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Darren Aronofsky’s Noah is a great many things. But before I get to those, I’d like to discuss what Noah is not. Noah is not a slavish, Ten Commandments-style re-telling of the biblical tale of  Noah’s ark. It has many of the pieces of that tale, and certainly is true to it thematically. However, rather than being a note for note recreation of  the bible tale,  Aronofsky’s film uses the original as  a springboard for the film he has chosen to make. Some folks take issue with this off the bat, which brings us to the second thing Noah is not. Noah is not a Godless work that takes aim at religion in any way. In the film, God is referred to as the Creator. Repeatedly. And often. The Creator is ever-present in this tale, as are his miraculous works, meditations on faith, and other methods of indicating his presence.

So what IS Noah? Well, for starters it is a fantasy epic. It is anachronistic, existing out of time and place, and it is filled with wondrous sights. It is full of adventure and drama, and at the surface can be enjoyed simply as spectacle. It is visually beautiful and dramatically full, and works well as a film on that basic level. Russell Crowe stands tall as a Noah full of grit and determination and Jennifer Connelly is haunting as Naameh,  a wife who is willing to follow her husband, up to a crucial point. Anthony Hopkins’ wise grandfather figure Methuselah is touching and resonant. The fallen angels are a digital effects marvel.  

However, Noah is also a lot more. Noah is a parable addressing man’s role as steward of the Earth and it’s inhabitants. A line is clearly drawn between stewardship and dominion. Animals are innocent beings, and those who kill them, for food or otherwise, are clearly denoted as being of the line of Cain, who committed the original murder. Going against the Creator’s intended role of man, that of protector and shepherd to the earth and its animals, is one of the clear signs that man has strayed and the world needs to start again.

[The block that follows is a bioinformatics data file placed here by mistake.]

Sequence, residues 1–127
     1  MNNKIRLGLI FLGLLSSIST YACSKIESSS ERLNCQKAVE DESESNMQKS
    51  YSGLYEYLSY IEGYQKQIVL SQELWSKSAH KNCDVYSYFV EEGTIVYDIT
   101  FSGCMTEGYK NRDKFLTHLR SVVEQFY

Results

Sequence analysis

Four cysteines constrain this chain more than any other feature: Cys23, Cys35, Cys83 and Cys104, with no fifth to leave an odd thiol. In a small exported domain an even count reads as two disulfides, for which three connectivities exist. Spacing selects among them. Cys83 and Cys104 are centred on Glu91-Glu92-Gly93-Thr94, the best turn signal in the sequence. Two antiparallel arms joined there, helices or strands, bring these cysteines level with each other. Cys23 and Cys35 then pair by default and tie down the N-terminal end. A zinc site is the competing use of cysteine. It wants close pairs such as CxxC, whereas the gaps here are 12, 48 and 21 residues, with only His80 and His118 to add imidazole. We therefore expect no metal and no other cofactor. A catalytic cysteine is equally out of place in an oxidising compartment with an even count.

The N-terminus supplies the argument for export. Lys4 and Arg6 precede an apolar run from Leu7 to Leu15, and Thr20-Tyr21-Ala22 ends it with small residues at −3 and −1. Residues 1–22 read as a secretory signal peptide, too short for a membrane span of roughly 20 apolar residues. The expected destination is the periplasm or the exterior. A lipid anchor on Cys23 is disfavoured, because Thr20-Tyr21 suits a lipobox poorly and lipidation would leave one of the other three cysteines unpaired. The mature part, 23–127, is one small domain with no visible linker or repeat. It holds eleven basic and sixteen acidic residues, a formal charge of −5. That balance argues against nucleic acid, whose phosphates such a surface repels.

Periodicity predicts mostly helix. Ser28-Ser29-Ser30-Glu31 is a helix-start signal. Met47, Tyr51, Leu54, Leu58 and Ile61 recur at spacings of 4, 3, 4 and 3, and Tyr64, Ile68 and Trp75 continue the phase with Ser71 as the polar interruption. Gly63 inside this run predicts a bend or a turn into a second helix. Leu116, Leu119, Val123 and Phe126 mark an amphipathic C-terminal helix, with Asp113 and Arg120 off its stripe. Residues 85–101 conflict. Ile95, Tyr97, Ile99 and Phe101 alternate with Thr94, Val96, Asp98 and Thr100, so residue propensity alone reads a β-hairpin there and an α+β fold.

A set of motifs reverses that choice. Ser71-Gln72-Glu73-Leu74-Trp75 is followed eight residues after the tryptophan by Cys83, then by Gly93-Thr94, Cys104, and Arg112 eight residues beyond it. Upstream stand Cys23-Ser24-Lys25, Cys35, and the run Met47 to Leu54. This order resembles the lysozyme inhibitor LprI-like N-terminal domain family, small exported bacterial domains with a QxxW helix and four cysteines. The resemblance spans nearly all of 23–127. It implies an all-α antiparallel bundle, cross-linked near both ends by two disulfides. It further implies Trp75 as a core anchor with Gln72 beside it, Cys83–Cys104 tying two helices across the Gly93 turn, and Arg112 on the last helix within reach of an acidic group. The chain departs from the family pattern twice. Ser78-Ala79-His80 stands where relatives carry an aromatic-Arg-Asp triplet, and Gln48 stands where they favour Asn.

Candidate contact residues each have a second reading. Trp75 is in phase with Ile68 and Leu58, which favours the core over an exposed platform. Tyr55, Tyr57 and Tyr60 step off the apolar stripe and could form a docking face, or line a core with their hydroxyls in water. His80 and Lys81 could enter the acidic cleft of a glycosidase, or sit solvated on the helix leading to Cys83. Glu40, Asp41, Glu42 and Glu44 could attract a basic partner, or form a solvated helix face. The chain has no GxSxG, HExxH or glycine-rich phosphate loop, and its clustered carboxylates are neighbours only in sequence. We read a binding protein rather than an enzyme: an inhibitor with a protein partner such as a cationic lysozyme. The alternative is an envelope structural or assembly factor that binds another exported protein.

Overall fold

Abel’s murder at the hand of Cain hangs heavy over the film. Clearly this is the demarcation point, as Noah is a descendant of the line of Seth, the third brother. The descendants of Cain stand in opposition to Noah, and in addition to mistreating the animals, they are clearly linked to industrialization, and subsequently the war machine. Noah stands as a condemnation of man’s warring nature, and of the harm done to the earth in the name of industrial progress. In an anachronistic example of this theme, Tubal-Cain, leader of the descendants of Cain, has crafted a rudimentary Gun, which he uses in the charge against the Watchers, fallen angels who are encased in the rock they were cast down into, who now side with Noah in hopes of returning to the creator’s good graces.  

In the films latter portion, Noah faces a crisis of conscience. He has decided that while the world must start again, mankind must end. The line of man will end with Noah’s youngest, Japheth. Noah  therefore determines that he will not bring wives aboard the ark for his two youngest sons. His eldest, Shem, loves Ila, who joined Noah’s family when they saved her at a young age. Noah is not concerned as he believes Ila barren. However, with Methuselah’s intervention on behalf of Naameh, Ila has conceived. Will Noah now need to kill his own grandchild?

Here Noah becomes an exploration of extremism. Driven by his own faith, Noah has become so convinced that he is intended to bring upon the end of mankind he fails to see the Creator’s miracle at work in providing the path for mankind to rise anew. Religious extremism has the potential for disastrous consequences. Noah’s refusal to aid his middle son Ham in rescuing a young woman to be his wife aboard the ark turns Ham against him, with also potentially devastating fallout. Had Noah seen past his own righteous arrogance to see the spark of love in Ham he would not irreparably damage his relationship with his son. The film leaves subtle hints at the later biblical repercussions of this rift between Noah and Ham.

Noah the film stands a triumph of ambition, and a wonder of a film to come through the studio system. Deep and full of meaning, while at the same time full of visual splendor, Noah is a feast for both the eye and the mind. Not to be missed.








2 responses to “Noah

  1. Xenolicker ⋅

    This hasn’t a sense of humor in it, or has it…? It’s all very serious i suppose…? I think i let this one slip despite your recommendation; i’m not a very serious person. I also find Russel’s beard very intimidating…

  2. jedimarcx

    Yes it is pretty serious–nothing really in the way of humor….

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